Tuesday, July 31, 2012

A Debate on Liver Fibrosis Progression in HIV/HCV-Coinfected Patients

A Debate on Liver Fibrosis Progression in HIV/HCV-Coinfected Patients

The rate of fibrosis progression is high early in the course of HCV infection, but whether it later declines is unclear.

In late 2011, Vogel and colleagues published a study showing that HIV-infected men with primary hepatitis C virus (HCV) infection had a higher rate of liver fibrosis progression than would be expected in early HCV infection — but that it declined upon resolution of primary HCV infection.1 Now, Fierer and colleagues have written a letter to the editor, questioning the use of transient elastography to measure fibrosis progression in that study.2

Fierer and colleagues argue that although transient elastography provides an accurate assessment of liver stiffness — and thus fibrosis — in the setting of chronic HCV infection, it might not do so during primary HCV infection, when acute inflammation is present. Inflammation can falsely elevate the liver-stiffness score, making the fibrosis stage appear to drop sharply as the acute inflammation associated with primary HCV infection subsides.

Fierer and colleagues assert that liver biopsy provides a more accurate assessment of fibrosis in the setting of primary HCV infection. In support of this assertion, they report the results of 29 liver biopsies (11 reported previously3) performed in HIV-infected men with primary HCV infection. They noted high histopathologic stages of fibrosis early in the course of primary HCV infection, which persisted through the first 1 to 2 years of infection. Contrary to what was reported by Vogel and colleagues, fibrosis stage correlated with increasing time from initial HCV infection.

Notably, both the Vogel and Fierer cohorts were very small with relatively short follow-up, which means that we still lack definitive data beyond the first 1 to 2 years of primary HCV infection. Nevertheless, these studies are important because they demonstrate that HIV-infected men who acquire HCV infection tend to have an elevated rate of fibrosis progression during the early stages of HCV infection. According to recently published data, this elevated rate is associated with increased risks for end-stage liver disease, hepatocellular carcinoma, and all-cause mortality.4 Whether early treatment of HCV infection with new antivirals will alter the course of incident HCV infection in HIV-coinfected individuals remains to be seen.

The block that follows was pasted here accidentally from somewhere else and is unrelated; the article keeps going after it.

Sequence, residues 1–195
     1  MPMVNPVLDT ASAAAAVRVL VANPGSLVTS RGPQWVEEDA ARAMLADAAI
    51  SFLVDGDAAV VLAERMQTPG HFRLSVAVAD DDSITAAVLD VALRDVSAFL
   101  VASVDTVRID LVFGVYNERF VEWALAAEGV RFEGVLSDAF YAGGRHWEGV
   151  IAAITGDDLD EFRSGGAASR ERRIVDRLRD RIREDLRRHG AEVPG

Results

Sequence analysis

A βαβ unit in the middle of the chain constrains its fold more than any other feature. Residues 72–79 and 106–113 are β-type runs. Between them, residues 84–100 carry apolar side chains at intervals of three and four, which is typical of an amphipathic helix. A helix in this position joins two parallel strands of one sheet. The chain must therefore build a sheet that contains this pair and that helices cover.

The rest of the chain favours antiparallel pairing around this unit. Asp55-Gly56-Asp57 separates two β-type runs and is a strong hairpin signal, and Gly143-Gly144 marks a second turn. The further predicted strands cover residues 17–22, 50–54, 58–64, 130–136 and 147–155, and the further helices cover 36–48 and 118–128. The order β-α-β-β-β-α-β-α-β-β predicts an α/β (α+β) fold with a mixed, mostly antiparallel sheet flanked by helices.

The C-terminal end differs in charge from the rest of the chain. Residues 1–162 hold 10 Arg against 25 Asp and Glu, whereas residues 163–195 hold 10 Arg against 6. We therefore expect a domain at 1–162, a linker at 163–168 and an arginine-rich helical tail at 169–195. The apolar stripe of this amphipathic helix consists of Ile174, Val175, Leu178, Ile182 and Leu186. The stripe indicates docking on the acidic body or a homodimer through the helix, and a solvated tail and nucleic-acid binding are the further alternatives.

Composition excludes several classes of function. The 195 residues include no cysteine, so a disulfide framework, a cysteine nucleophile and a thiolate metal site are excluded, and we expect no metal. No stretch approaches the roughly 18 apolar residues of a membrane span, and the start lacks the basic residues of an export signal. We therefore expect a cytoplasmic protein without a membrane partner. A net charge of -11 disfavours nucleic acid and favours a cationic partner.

Sonia Nagy Chimienti, MD

Published in Journal Watch HIV/AIDS Clinical Care July 30, 2012

1. Vogel M et al. Liver fibrosis progression after acute hepatitis C virus infection in HIV-positive individuals. Clin Infect Dis 2012 Feb 15; 54:556.
2. Fierer DS et al. Early-onset liver fibrosis due to primary hepatitis C virus infection is higher over time in HIV-infected men. Clin Infect Dis 2012 Jul 5; [e-pub ahead of print]. (http://dx.doi.org/10.1093/cid/cis538)

3. Fierer DS et al. Liver fibrosis during an outbreak of acute hepatitis C virus infection in HIV-infected men: A prospective cohort study. J Infect Dis 2008 Sep 1; 198:683.
4. Limketkai BN et al. Relationship of liver disease stage and antiviral therapy with liver-related events and death in adults coinfected with HIV/HCV. JAMA 2012 Jul 25; 308:370.

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